What’s Valentine’s Day without some schmaltz, some hearts and some flowers?

For Valentine’s Day, I thought I’d start with the tune that’s widely regarded as one of the most saccharine, schmaltzy melodies of all time.

You’ll probably recognize the music, even if you don’t recall its name. The tune is probably best known for its use in the great “soap poisoning” scene in the 1983 holiday film classic “A Christmas Story.” 

The song’s name: “Hearts and Flowers.” It has lyrics, too

We’ll musically pursue those two timely topics for Valentine’s Day, but let’s separate them.

First, a small sampling of “heart” songs — and then a big bouquet of flower songs.

But before we get started, a quick aside: Check out this fascinating article from The Awl that explains why so many of us love making — and reading — lists.

 Now, on to our Valentine’s list …

Hearts . . .
• Wayne Newton’s first charting song, “Heart! (I Hear You Beating).”

“Heart,” from the musical “Damn Yankees.”

• Three “downer” heart songs: Brenda Lee’s “Heart in Hand,” Elvis’ “One Broken Heart for Sale” and Bonnie Tyler’s “Total Eclipse of the Heart.”

• And three upper songs: Neil Diamond’s “Heartlight,” Jan and Dean’s doowop version of the classic “Heart and Soul,” and the Ray Charles Singers’ “Love Me With All Your Heart.”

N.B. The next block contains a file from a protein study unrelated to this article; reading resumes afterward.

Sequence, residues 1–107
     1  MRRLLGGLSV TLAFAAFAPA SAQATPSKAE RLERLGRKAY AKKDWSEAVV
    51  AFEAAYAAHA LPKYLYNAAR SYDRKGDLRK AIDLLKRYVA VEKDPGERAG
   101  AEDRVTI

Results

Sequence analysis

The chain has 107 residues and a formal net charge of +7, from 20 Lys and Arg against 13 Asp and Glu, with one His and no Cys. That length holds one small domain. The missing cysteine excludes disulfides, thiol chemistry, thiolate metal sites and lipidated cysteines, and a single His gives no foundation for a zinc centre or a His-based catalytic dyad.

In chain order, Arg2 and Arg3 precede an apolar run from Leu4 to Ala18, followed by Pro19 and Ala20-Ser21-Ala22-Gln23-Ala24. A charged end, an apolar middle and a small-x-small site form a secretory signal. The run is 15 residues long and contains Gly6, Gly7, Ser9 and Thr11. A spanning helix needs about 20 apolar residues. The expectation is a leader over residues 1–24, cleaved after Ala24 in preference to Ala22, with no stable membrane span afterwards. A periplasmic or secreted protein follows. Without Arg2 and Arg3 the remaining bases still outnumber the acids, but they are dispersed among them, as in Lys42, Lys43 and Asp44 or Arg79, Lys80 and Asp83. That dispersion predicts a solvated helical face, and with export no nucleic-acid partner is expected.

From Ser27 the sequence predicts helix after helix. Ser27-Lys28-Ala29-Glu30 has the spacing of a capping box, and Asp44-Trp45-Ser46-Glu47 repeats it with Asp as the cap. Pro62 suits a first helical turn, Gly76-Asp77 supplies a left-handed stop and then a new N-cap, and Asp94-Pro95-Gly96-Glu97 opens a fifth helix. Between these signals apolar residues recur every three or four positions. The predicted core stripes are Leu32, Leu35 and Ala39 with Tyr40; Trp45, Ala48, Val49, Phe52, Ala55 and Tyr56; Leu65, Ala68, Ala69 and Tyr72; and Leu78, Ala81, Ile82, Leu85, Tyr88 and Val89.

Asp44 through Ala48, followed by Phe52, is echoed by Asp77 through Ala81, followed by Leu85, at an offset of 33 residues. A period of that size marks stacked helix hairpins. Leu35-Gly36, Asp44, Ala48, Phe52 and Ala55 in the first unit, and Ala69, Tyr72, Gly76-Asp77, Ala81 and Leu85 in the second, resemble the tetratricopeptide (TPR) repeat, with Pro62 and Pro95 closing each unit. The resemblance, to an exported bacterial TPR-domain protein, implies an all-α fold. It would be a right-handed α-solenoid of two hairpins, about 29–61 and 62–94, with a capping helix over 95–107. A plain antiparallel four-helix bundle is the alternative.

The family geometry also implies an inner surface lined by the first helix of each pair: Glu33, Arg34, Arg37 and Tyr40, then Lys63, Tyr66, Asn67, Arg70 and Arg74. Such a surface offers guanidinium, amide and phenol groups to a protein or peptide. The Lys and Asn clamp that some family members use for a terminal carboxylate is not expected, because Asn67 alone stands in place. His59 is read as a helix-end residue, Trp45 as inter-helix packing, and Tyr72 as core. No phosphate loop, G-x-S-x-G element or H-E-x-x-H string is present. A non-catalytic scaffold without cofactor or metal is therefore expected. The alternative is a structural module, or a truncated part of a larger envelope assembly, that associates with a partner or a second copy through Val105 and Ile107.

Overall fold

… And flowers
• Dinah Shore’s novelty song “Sweet Violets.”

• Jud Strunk’s “Daisy a Day” and Jimmy Gilmer and the Fireballs’ “Daisy Petal Pickin’.”

And a big bouquet of roses — 15 rose songs, to be exact. We’ll start with the red ones:

• Bobby Vinton’s 1962 breakthrough No. 1 song, “Roses Are Red” and … the instant “answer” record, Florraine Darlin’s “Long As the Rose Is Red,” which only reached No. 62 later that year.

• Vic Dana’s “Red Roses for a Blue Lady” (plus one more from the crooner: “Moonlight and Roses”). 

Then, some yellow ones:

• Bobby Darin’s “18 Yellow Roses.”

• Mitch Miller’s “Yellow Rose of Texas.”

• Two more orders of “gift” roses: Andy Williams’ “And Roses and Roses” and Paul Petersen’s “Lollipops and Roses.”

• Three show-tune roses: Bernadette Peters’ “Everything’s Coming Up Roses,” from “Gypsy”; “Lida Rose,” from “The Music Man, and “Rosie,” from “Bye Bye Birdie.”

And like two of the show tunes, more songs about women named Rose:

• Tony Orlando and Dawn’s “Say, Has Anybody Seen My Sweet Gypsy Rose.”

• The Statler Brothers’ “Bed of Rose’s.”

• Frankie Laine’s “Rose Rose I Love You.”

• And Nat King Cole’s “Rambling Rose.”

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